Review: Joffrey Ballet’s The Nutcracker Continues Its Chicago 1893 Focus

The bottom line is this: if you find yourself in any seat at the Joffrey's production of Tchaikovsky's The Nutcracker, it is a good seat. Being in the room for this annual holiday tradition means you'll be witness to one of the richest productions in the city, no matter the time of year. From the gorgeous sets to the lush costumes to the robust orchestrations, it's a show that only gets better with age. The only question will be, depending on your seat, if you're able to take in from above the full depth of the stunning choreography or appreciate from up close the athleticism of the dancers as their muscles tremble to make every arabesque and pirouette look effortless. Image courtesy of Joffrey Ballet The Joffrey's modernization (premiered last year, choreographed and directed by Christopher Wheeldon) reimagines The Nutcracker set in a modest Chicago home rather than in a wealthy family's mansion. From the first notes of the familiar classical score, allow yourself to be transported to Christmas 1892, just five months before the Columbian Exposition of 1893 would open in our own fair city. The meek Marie (Cara Marie Gary) and her brother Franz (Bennett Parker) anticipate it along with other residents watching the construction take shape, the city hosting an influx of workers to make it all possible. Back at home, their artist mother (Christine Rocas) is sculpting a golden goddess statue for the fairgrounds, and soon the workers and their families arrive for a Christmas Eve celebration. The folk dancing and reverie are enough to make you long for your own family's holiday traditions, the place filled with cheer and love if not the luxuries of a more refined affair. The Great Impresario (Temur Suluashvili) arrives heralding the wonders of the fair, with gifts for all the children. Marie's is the Nutcracker, and after everyone departs, she falls asleep with her new toy in her arms. And the magic hasn't even begun yet, for it's overnight that she awakes with a start as Franz is kidnapped by the Rat King and the Impresario arrives to help her follow him into a magical Christmas dream world. The Nutcracker King defeats the Rat King and reveals himself to be a handsome young man; together, he and Marie set off to discover the rest of the magic in this whimsical new reality, starting with a delicate number performed as though inside a snowglobe, the flakes falling all the while. After intermission, we finally get to the fair itself, as Marie and the Nutcracker King meet the Impresario again, this time in the company of the Queen of the Fair (also Rocas). She welcomes the duo to the fair with a gorgeous solo that's just a taste of what's to come as they tour the various country's pavilions: Spain, Arabia, China, Venice, even the Wild West. This is not your grandmother's Nutcracker, after all. It's actually fairly nostalgic for a Chicago of days gone by and every bit as charming as if there were Sugar Plum Fairies and a mountain of sweets. Of particular note year after year (including this one) is the Arabian number (performed by April Daly and Miguel Angel Blanco), a sequence of sinewy leaps and lifts that look as though they're dancing on a tightrope. By the time Marie and her Nutcracker King finish their tour around the world, the fair is in full swing and the stage fills with visitors who are there to take in the sights along with them. Their candy-colored costumes fill the stage with a rainbow of joy, as in the final movements of Tchaikovsky's legendary composition love fills the air and everyone celebrates the wonders of Marie's dream. And though she does wake up to Christmas morning, the vibrant visions of just a moment ago linger in her memory, and ours. The Nutcracker is world-class theater, from the ballet to the orchestration to the sets and costumes, and it's in our own backyard. With performances through December 30, finding a seat at this essential Chicago-centric production—any seat at all will do—is imperative. The Joffrey Ballet presents The Nutcracker at the Auditorium Theater through December 30; find a full schedule and ticket here.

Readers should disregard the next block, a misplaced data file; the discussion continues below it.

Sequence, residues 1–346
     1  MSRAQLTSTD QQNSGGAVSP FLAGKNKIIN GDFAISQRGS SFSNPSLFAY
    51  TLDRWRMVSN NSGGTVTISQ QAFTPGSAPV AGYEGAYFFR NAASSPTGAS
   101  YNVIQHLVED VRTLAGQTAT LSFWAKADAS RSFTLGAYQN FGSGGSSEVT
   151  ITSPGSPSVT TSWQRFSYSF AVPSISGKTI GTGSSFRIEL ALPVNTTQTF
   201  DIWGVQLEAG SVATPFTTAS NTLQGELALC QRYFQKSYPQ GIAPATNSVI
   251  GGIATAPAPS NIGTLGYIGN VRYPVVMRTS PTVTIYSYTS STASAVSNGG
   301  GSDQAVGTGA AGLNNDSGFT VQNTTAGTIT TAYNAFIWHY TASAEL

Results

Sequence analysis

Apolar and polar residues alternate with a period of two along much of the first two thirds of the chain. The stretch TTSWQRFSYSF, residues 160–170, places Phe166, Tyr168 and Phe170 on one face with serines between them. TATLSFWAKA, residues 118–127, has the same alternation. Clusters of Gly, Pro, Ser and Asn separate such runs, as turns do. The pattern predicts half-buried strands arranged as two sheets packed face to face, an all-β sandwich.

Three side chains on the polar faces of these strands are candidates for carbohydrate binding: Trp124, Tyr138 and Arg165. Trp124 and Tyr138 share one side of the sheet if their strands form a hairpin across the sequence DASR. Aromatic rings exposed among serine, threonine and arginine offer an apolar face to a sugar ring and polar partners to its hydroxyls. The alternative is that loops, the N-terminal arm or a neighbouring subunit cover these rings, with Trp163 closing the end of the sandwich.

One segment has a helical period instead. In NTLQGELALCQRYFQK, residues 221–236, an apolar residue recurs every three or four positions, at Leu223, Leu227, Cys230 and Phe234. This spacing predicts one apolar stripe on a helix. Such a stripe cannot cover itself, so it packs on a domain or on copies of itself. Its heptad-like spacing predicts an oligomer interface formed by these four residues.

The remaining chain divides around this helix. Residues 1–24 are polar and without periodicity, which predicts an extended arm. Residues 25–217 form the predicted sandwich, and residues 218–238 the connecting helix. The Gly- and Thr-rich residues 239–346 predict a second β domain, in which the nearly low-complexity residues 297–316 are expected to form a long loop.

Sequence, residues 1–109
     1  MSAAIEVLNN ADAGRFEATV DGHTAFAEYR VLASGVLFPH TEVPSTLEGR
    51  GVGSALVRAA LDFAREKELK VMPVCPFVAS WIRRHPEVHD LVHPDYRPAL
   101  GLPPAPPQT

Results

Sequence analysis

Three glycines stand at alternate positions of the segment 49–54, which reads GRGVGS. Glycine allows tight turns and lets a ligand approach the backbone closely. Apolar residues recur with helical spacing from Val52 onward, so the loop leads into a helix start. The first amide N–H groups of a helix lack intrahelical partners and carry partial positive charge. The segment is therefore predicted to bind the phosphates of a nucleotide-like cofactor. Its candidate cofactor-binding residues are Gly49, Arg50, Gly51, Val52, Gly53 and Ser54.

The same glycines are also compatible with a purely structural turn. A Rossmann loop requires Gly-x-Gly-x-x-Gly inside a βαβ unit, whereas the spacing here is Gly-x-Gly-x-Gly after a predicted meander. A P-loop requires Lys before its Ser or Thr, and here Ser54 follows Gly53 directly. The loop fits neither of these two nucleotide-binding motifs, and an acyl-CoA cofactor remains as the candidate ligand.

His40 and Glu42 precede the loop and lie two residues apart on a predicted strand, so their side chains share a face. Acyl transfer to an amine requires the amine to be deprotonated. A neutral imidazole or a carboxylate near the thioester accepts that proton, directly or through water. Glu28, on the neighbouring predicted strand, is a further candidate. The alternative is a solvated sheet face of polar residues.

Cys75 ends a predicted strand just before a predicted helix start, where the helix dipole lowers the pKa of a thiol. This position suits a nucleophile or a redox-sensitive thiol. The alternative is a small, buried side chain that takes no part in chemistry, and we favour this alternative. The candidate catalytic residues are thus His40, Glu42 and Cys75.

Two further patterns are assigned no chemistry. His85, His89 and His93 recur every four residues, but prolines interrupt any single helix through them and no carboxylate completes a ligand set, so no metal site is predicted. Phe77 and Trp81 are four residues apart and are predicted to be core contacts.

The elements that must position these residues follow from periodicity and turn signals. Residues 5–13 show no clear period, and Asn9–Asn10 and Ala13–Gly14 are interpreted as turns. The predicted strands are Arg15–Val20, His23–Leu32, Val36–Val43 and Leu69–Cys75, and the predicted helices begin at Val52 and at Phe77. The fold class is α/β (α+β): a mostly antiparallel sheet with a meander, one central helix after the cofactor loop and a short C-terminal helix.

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Lisa Trifone